The Dems and Trade

By November 13, 2006Trade

A few interesting articles over the past few days, emphasizing our concerns that free trade might be threatened in the new Congress. Late last week we concluded an agreement with Russia on market access, an agreement necessary if Russia is to join the rest of the world trading system in the World Trade Organization (WTO). This was another shot in the arm for American manufacturers, who are always on the hunt for more customers.

Over the weekend, however, there was an op-ed by lefty — uh, sorry, “progressive” — columnist Harold Meyerson, essentially cheering the demise of free trade members of congress and welcoming those more skeptical to trade agreements. Remember that these agreements open markets to US manufacturers, so it’s in our interest to see more of them, but the Dobbsians have it exactly backwards, thinking these agreements cause the trade deficit. They’re wrong.

In Saturday’s Wall Street Journal there was a front page story by Greg Hitt entitled, “Democratic Gains Raise Roadblocks to Free Trade-Push.” This in a nutshell is our concern. As we’ve noted many times here before, Bill Clinton was a centrist in a few key ways and trade was certainly one of them. His ascendancy also spurred the ascendancy of groups like the Democratic Leadership Council (DLC), a group of centrists committed to, among other principles, free trade. Some 100 Democrats supported Clinton’s push for NAFTA, but their number has dwindled — to 15 for CAFTA earlier this year. Yet both agreements have opened markets to US-made goods. “The U.S. in the past 20 years.” says Hitt, “has championed global and regional trade deals that have significantly lowered tariffs and have helped spur a boom in global trade.” He has it exactly right, but the rhetoric these days has obscured this fact.

There is hope, however. Many of the newly-elected Democrats lean more to the center, or even the right, and it looks like the centrist Blue Dogs and New Dems will pick up many new members. These have been the groups that have pushed the trade deals in the past. If Pelosi & Co. want to hang on to the House for longer than two years and continue the phenomenal prosperity we’ve seen as a nation, we will need more — not fewer — free-trade Democrats.

UPDATE: (Carter Wood) The Washington Post covered the trade topic Tuesday, as well. Straightforward story here.

UPDATE 2: (Carter Wood) Jay Ambrose in The Examiner today offers a harsh assessment of the Democrats for anti-trade leanings. But he’s not too happy with the Administration, either.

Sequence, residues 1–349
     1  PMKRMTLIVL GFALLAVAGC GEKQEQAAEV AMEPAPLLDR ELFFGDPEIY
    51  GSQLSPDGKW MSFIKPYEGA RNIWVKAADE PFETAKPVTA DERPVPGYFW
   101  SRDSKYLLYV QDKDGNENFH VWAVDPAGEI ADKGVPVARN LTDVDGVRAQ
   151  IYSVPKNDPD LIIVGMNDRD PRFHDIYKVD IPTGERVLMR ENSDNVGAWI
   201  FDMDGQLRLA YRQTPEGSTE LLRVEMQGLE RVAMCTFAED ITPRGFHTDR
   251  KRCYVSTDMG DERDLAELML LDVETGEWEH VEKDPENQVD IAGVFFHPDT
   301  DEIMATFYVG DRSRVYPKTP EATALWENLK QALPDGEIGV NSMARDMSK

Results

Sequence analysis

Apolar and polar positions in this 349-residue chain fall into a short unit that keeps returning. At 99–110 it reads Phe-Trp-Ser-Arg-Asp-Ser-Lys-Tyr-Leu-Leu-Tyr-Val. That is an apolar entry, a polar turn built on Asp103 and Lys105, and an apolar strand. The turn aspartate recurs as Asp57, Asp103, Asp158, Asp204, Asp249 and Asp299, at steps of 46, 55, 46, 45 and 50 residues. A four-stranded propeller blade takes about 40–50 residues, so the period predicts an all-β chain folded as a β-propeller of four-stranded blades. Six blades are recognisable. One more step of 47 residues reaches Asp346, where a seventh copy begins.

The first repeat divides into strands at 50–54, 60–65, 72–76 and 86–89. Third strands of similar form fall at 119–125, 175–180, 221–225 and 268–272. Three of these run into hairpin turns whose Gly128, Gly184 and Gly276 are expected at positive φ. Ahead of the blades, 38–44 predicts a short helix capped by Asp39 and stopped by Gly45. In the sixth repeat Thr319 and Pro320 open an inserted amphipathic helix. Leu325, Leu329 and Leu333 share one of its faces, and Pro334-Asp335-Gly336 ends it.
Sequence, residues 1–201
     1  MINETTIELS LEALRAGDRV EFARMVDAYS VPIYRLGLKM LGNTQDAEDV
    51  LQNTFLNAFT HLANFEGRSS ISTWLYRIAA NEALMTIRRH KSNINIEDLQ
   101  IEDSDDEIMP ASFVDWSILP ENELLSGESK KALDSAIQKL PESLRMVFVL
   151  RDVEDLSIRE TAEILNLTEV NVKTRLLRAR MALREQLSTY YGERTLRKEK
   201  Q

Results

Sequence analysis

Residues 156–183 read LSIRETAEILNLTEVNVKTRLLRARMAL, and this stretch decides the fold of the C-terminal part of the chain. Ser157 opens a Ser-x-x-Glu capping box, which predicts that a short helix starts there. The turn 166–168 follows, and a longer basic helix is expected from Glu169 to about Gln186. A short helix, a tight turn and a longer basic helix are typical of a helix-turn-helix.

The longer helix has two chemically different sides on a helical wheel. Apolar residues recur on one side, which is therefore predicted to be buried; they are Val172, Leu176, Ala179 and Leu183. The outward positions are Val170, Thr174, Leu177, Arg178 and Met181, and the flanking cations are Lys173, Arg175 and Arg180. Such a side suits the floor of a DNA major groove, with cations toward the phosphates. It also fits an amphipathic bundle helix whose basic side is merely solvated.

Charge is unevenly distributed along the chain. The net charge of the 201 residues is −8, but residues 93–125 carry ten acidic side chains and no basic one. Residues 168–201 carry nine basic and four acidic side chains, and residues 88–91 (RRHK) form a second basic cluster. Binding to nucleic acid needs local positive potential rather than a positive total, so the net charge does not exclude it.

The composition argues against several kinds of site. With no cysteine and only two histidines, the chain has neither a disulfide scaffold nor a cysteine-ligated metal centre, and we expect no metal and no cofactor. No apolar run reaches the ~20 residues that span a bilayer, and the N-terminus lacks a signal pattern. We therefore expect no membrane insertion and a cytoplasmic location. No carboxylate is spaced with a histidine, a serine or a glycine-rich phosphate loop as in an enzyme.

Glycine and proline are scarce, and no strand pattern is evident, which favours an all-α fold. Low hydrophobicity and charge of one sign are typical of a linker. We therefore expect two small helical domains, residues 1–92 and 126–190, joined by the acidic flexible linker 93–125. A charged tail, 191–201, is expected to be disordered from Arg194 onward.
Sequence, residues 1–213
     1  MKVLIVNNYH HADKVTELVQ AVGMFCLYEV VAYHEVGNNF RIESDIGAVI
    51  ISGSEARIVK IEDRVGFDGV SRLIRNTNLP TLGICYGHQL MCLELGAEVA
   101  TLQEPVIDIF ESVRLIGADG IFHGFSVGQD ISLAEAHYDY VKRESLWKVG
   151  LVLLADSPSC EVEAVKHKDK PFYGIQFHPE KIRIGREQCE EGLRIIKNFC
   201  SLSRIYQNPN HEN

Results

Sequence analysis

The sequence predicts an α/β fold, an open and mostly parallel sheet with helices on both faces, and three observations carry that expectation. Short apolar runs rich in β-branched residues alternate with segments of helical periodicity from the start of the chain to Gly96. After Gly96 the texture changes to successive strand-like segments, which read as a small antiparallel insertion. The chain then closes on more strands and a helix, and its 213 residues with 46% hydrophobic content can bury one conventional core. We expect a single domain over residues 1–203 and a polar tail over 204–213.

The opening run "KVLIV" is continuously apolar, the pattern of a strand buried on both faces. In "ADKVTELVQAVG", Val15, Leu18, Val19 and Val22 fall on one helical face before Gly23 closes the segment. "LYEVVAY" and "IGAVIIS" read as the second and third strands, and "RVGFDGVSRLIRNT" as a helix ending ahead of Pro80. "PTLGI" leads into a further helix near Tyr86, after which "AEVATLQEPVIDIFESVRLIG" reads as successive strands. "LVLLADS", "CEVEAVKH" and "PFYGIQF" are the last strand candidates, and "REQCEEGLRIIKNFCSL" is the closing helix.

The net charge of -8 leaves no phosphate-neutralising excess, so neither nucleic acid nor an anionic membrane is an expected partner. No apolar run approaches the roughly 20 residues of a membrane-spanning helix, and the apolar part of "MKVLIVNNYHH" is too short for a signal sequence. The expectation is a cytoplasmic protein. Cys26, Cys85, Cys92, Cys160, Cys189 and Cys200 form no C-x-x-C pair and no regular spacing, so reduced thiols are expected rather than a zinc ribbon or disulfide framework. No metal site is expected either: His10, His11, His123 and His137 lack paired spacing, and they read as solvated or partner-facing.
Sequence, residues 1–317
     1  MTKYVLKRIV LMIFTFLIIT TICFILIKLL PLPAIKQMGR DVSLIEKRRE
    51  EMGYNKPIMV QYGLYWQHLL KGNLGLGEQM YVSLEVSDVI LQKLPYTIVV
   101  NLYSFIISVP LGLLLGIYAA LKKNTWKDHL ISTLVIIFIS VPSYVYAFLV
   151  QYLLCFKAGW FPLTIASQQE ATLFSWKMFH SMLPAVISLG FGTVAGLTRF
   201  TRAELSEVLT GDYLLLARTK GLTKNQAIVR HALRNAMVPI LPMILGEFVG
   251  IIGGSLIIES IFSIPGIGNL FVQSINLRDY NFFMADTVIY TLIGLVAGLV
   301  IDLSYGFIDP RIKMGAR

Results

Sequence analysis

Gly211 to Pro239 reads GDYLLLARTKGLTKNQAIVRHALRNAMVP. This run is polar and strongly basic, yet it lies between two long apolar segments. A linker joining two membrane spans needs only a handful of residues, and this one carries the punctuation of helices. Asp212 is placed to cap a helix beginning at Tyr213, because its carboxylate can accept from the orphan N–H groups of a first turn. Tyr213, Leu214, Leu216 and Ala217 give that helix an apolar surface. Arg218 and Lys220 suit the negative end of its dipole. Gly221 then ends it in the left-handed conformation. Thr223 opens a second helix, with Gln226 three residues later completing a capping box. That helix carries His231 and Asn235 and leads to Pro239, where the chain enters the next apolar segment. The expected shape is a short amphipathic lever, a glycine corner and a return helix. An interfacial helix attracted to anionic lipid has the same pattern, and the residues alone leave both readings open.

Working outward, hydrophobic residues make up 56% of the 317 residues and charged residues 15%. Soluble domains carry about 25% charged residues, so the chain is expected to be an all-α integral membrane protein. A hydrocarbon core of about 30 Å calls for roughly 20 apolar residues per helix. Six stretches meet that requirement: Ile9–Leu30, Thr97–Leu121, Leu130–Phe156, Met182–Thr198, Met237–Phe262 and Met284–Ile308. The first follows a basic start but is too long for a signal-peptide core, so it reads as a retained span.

Join the discussion 2 Comments

  • John Konop says:

    How Bad Trade Deals are Destroying the Middle Class

    This is from “Skeptical Economist”.

    So far, our global economic failures show up mainly as discontented workers in areas hard hit by import competition. However, the real problems (and the worker problems are quite real) are considerably worse

    The United States as a nation is far from self-sufficient or anything close. Back in Kennedy era, imports and exports were in the range of 4 to 5% of GDP. The US economy was closes to autarkic. These days comparable numbers are imports are 16.22% of GDP and exports are 10.46% of GDP. Per se, there is nothing wrong with trade growing as a percent of GDP. However, the brutal reality is that our nation can no longer pay its bills. Imports of goods are almost double exports of goods. We enjoy a small (and shrinking) surplus on services and are now in deficit for payments (profits received from overseas US investments versus profit earned by foreign investment in the US).

    If you could only pay half of your bills, would you think you were doing well? Would that be OK? Might some question of economic failure arise? Wouldn’t virtually every American see it that way? Yet, when it comes to our country, it is somehow OK. Of course, it is not.

    If you could only pay half of your bills, your debts would be soaring. Guess what? So are the debts of the United States. Of course, the national debt is growing and more than 50% owned by foreigners. However, the debts of ordinary Americans are rising as well and a growing percentage are owned by foreigners as well.

    The trade debate is usually depicted in terms of “cramped, narrow minded, locally oriented protectionists” versus “visionary, open minded, free trading globalists”. This caricature is largely correct. However, that doesn’t mean the protectionists are wrong. With America going broke, they are at least on the right side of the issue..

    Thomas Friedman demonstrated again the cluelessness of our elites on trade today. His piece “China: Scapegoat or Sputnik” repeated the usual mantra about education solving our problems. His actual words were “health care, portability of pensions, entitlements, and lifelong learning”. Nice ideas, but will they really help middle aged workers without jobs? No, of course not, but the deeper problem is they won’t fix our trade problems either. We will simply go broke faster. What words were missing? How about “overvalued currency”, “RMB versus the dollar”, “China’s lack of currency flexibility”, etc. All notably missing.

  • Gem Hudson says:

    When you have an importing business of exporting all of your jobs and an export business of importing nothing but all of their dumped goods, we are to spend more on what we are not making all that much of the money anymore and it all cost the Chinese in what they are not getting pay all that much either. Who is really making the money in this deal?